The Virginia Housewife: or, Methodical Cook
BY MRS. MARY RANDOLPH.
METHOD IS THE SOUL OF MANAGEMENT.
WITH AMENDMENTS AND ADDITIONS.
PUBLISHED BY JOHN PLASKITT,
218 Market Street.
DISTRICT OF COLUMBIA, TO WIT:
Be it remembered, That on the twenty-ninth day of January, in the year of our Lord one thousand eight hundred and Seal.twenty-eight, and of the Independence of the United States of America, the fifty-second, William B. Randolph, of the said district, has deposited in the office of the Clerk of the District Court for the District of Columbia, the title of a book, the right whereof he claims as proprietor, in the words following, to wit:
“The Virginia Housewife; or, Methodical Cook. By Mrs. Mary Randolph. Method is the soul of management.”
In conformity to the act of the Congress of the United States, entitled, “An act for the encouragement of learning, by securing the copies of Maps, Charts, and Books, to the authors and proprietors of such copies during the times therein mentioned”—and also to the act, entitled, “An act supplementary to an act, entitled, ‘An act for the encouragement of learning, by securing the copies of Maps, Charts, and Books, to the authors and proprietors of such copies during the times therein mentioned,’ and extending the benefits thereof to the arts of designing, engraving, and etching historical and other prints.”
In testimony whereof, I have hereunto set my hand, and affixed the public seal of my office, the day and year aforesaid.
EDM. I. LEE,
Clerk of the District Court for the District of Columbia.
The difficulties I encountered when I first entered on the duties of a housekeeping life, from the want of books sufficiently clear and concise to impart knowledge to a Tyro, compelled me to study the subject, and by actual experiment to reduce every thing in the culinary line, to proper weights and measures. This method I found not only to diminish the necessary attention and labour, but to be also economical: for, when the ingredients employed were given in just proportions, the article made was always equally good. The government of a family, bears a Lilliputian resemblance to the government of a nation. The contents of the Treasury must be known, and great care taken to keep the expenditures from being equal to the receipts. A regular system must be introduced into each department, which may be modified until matured, and should then pass into an inviolable law. The grand arcanum of management lies in three simple rules:—“Let every thing be done at a proper time, keep every thing in its proper place, and put every thing to its proper use.” If the mistress of a family, will every morning examine minutely the different departments of her household, she must detect errors in their infant state, when they can be corrected with ease; but a few days' growth gives them gigantic strength: and disorder, with all her attendant evils, are introduced. Early rising is also essential to the good government of a family. A late breakfast deranges the whole business of the day, and throws a portion of it on the next, which opens the door for confusion to enter. The greater part of the following receipts have been written from memory, where they were impressed by long continued practice. Should they prove serviceable to the young inexperienced housekeeper, it will add greatly to that gratification which an extensive circulation of the work will be likely to confer.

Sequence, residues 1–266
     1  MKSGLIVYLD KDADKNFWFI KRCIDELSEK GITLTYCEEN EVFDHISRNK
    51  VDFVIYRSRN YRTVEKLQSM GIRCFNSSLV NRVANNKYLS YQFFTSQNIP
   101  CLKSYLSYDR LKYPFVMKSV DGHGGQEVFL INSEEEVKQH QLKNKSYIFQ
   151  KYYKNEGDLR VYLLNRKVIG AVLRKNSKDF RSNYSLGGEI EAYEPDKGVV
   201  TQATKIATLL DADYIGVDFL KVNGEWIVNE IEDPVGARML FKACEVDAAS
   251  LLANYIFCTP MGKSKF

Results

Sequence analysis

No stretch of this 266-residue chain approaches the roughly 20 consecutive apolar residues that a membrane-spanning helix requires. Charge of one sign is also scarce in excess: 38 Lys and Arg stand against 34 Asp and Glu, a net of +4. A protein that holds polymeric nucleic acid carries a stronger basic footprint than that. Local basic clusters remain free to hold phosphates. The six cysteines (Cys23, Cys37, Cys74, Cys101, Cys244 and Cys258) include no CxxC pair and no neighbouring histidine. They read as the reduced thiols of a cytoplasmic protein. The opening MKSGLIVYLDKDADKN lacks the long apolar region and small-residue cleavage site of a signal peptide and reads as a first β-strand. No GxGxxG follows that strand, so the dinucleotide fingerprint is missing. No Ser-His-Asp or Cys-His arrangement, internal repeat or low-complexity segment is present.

Washington, January, 1831.
The prosperity and happiness of a family depend greatly on the order and regularity established in it. The husband, who can ask a friend to partake of his dinner in full confidence of finding his wife unruffled by the petty vexations attendant on the neglect of household duties—who can usher his guest into the dining-room assured of seeing that methodical nicety which is the essence of true elegance,—will feel pride and exultationin the possession of a companion, who gives to his home charms that gratify every wish of his soul, and render the haunts of dissipation hateful to him. The sons bred in such a family will be moral men, of steady habits; and the daughters, if the mother shall have performed the duties of a parent in the superintendence of their education, as faithfully as she has done those of a wife, will each be a treasure to her husband; and being formed on the model of an exemplary mother, will use the same means for securing the happiness of her own family, which she has seen successfully practised under the paternal roof.